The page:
Apple and pear consumption and type 2 diabetes mellitus risk: a meta-analysis of prospective cohort studies
Abstract The conclusions from epidemiological studies are controversial between apple and pear consumption and type 2 diabetes mellitus (T2DM) risk. The present study aimed to investigate whether apple and pear consumption was inversely associated with T2DM risk, and to evaluate the potential dose–response relationship. The Cochrane library, Embase and PubMed databases were searched up to Nov 2016. Prospective cohort studies, which reported the association of apple and pear consumption with incidence of T2DM, were included. Multivariate-adjusted relative risks (RRs) for the highest versuslowest category were combined by using a random-effects model. A restricted cubic spline regression model was performed to examine the dose–response relationship. A total of 5 independent prospective cohort studies were included (14 120 T2DM incident cases and 228 315 participants). The summary estimate showed that consumption of apples and pears was associated with 18% reduction in T2DM risk (95% confidence interval (CI): 0.75, 0.88; I2 = 0.00%). Dose–response analysis showed that one serving per week increment of apple and pear consumption was associated with a 3% (95% CI: 0.96, 0.98; p for trend <0.001) reduction in T2DM risk. The present meta-analysis provides significant evidence of an inverse association between apple and pear consumption and T2DM risk.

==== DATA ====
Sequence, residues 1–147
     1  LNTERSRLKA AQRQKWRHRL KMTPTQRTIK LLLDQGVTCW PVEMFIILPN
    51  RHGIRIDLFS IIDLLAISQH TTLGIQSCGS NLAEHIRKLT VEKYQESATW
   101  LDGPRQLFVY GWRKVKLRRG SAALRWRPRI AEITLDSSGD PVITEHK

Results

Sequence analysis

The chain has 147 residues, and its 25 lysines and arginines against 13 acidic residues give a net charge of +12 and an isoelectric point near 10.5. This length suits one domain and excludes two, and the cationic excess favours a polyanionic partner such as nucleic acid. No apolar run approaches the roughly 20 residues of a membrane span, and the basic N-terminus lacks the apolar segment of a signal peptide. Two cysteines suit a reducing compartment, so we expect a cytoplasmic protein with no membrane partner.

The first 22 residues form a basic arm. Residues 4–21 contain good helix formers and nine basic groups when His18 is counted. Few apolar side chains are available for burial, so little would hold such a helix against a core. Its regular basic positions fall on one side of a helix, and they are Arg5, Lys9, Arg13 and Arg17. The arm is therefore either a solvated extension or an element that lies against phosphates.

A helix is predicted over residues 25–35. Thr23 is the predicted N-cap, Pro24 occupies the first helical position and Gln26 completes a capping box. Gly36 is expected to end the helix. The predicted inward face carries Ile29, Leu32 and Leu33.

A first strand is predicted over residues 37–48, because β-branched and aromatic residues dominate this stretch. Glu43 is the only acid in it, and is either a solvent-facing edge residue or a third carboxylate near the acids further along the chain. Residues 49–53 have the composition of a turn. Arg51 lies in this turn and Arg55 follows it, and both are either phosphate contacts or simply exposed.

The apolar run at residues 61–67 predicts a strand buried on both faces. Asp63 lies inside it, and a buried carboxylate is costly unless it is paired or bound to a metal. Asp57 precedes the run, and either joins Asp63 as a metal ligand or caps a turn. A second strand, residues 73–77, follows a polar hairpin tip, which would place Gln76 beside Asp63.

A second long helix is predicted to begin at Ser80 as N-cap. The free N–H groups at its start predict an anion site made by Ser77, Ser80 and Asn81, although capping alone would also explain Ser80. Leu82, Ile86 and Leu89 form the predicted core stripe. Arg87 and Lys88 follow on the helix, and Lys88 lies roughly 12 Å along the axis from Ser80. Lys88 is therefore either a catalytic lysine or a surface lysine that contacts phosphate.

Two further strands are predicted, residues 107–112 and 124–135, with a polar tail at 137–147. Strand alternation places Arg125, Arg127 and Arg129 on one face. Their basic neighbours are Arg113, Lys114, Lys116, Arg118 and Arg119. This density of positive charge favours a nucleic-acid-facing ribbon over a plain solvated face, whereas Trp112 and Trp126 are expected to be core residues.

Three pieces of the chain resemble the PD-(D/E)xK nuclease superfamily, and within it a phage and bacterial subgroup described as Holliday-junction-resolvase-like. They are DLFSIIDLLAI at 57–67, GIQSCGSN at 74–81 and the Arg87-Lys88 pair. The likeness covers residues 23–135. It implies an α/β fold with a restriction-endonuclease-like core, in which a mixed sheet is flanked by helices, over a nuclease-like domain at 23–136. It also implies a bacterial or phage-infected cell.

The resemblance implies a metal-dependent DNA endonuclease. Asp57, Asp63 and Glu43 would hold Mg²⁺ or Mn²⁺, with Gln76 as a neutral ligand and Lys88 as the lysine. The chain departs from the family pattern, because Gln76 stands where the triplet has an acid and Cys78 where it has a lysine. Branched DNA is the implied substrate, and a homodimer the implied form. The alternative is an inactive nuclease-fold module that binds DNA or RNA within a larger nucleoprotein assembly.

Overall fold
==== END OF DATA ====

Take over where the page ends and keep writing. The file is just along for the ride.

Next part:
Dietary functional benefits of Bartlett and Starkrimson pears for potential management of hyperglycemia, hypertension and ulcer bacteria Helicobacter pylori while supporting beneficial probiotic bacterial response
Highlights Pear has potential for phenolic-linked management of type 2 diabetes associated hyperglycemia and hypertension. Fermented pear juices also possess inhibitory activity of stomach ulcer relevant bacteriumHelicobacter pylori. Pear cultivars have relevance to be included in dietary strategies for better management of early stage hyperglycemia. This in vitro study provides conceptual foundation for animal and clinical studies involving pear to combat type 2 diabetes.
Abstract Phenolic-linked health benefits of Bartlett and Starkrimson pear cultivars were investigated for the potential relevance in managing type 2 diabetes and hypertension using in vitro enzyme models. Further effects of fermented (0, 24, 48, and 72-h with Lactobacillus helveticus) pear juice on inhibition of Helicobacter pyloriand proliferation of probiotic Bifidobacterium longum were also evaluated. High total phenolic content along with high 2,2 diphenyl-1-picrylhydrazyl-linked free radical scavenging antioxidant activities were observed in peel extracts of both cultivars. In vitro enzyme assays with peel and pulp extracts also indicated high inhibitory activity of α-glucosidase and α-amylase used as models for anti-hyperglycemia benefits. Only the aqueous pulp extract of Bartlett pear had angiotensin I-converting enzyme inhibitory activity used as model for anti-hypertension benefits. Fermented acidic pH samples of both cultivars showed H. pylori inhibition at 48 and 72 h, while fermented sample of Starkrimson even showed inhibition at 24 h. Both cultivar extracts did not inhibit growth of probiotic B. longum